While research has demonstrated that high levels of stress are bad for our health, the truth is, many attorneys (and law students) like stress – and lots of it. Have you ever said to yourself, “I work best under pressure,” or “I’m really deadline driven”? Can you go for more than five minutes without checking your phone? Do you find yourself checking your phone in the middle of the night? Do you always feel overwhelmed? Are you usually running late?

These are just a few of the telltale signs of adrenaline addiction. And many of us suffer from it. Adrenaline is the most potent stimulant created by our sympathetic nervous system. It’s created in response to stress and increases heart rate, pulse rate, and blood pressure. It also raises the blood levels of glucose and lipids, in addition to having other metabolic effects on us. We are not built to have adrenaline coursing through our veins all or most of the time. Unfortunately, that’s exactly what happens to adrenaline addicts.

In his article, The Painful Reality of Adrenaline Addiction,2 Patrick Lencioni, explains:

There is something particularly insidious about adrenaline addiction that makes it hard for many leaders to kick the habit. Unlike other addicts whose behaviors are socially frowned-upon, adrenaline addicts are often praised for their frantic activity, even promoted for it during their careers. And so they often wear their problem like a badge of honor, failing to see it as an addiction at all in spite of the pain it causes. When confronted about their problem, adrenaline addicts (I’m a recovering one myself) will tell you about their endless list of responsibilities and all the people who need their attention. And while they’ll often complain about their situation, they’ll quickly brush off any constructive advice from spouses, friends or co-workers who “just don’t understand.”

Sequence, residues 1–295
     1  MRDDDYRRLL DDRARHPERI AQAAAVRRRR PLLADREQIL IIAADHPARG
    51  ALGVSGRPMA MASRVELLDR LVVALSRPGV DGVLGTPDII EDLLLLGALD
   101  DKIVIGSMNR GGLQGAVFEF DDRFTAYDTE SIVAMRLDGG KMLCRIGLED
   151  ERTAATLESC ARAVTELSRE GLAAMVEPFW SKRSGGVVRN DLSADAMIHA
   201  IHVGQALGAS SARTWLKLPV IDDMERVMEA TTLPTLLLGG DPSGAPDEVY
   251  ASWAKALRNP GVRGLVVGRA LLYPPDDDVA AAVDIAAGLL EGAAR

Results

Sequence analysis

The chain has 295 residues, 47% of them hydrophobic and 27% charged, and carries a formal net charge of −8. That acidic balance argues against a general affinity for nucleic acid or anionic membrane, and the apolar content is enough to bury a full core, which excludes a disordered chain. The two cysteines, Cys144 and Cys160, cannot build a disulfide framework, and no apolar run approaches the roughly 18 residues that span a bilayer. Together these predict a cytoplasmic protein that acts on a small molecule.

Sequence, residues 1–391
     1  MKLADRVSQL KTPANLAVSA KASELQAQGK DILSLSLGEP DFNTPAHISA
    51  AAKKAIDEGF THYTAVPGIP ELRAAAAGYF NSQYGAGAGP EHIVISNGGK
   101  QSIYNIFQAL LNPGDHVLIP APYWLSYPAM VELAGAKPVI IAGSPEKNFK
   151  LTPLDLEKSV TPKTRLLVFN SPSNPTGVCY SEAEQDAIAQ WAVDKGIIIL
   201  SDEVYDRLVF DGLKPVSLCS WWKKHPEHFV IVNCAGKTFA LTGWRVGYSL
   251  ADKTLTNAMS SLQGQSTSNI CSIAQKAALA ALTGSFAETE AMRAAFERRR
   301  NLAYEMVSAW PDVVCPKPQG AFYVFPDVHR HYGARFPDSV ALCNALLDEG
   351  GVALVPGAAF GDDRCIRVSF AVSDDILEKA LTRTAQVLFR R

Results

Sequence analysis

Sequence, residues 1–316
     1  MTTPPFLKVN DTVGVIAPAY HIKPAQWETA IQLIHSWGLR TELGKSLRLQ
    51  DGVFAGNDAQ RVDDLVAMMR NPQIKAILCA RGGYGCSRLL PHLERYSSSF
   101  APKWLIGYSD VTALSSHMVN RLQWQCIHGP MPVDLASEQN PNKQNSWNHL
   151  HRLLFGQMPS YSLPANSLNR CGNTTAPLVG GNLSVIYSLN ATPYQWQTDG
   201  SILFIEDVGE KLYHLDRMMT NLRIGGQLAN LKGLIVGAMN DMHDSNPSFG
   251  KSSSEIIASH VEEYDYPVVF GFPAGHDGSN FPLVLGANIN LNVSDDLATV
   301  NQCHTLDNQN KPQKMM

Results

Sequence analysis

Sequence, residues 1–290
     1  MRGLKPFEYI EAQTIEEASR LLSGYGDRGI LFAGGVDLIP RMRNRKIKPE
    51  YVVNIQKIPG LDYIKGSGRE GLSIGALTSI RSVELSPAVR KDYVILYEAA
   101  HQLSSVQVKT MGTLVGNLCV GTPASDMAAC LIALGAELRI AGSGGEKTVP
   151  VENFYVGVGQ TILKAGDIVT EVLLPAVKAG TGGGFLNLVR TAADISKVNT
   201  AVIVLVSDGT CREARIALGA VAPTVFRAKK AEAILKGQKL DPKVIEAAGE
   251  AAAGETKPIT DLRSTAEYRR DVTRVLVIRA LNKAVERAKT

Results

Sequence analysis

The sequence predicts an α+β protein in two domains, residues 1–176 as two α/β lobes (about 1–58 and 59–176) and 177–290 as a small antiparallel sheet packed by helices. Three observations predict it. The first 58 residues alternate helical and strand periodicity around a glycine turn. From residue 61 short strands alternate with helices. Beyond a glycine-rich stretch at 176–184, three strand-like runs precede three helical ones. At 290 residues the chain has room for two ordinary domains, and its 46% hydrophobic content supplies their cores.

The legal profession has a long history of encouraging adrenaline addiction. How many lawyers have you heard brag about the long hours they work? You do not have to be one of them. Instead, create the habits now that will allow you to be more focused and productive during the hours you spend at work, so you can have a life away from work. The first step is to change your thinking. Refuse to accept the myths that say, “There just aren’t enough hours in the day,” or “I have no control over my time.” There really is enough time, and you can take control.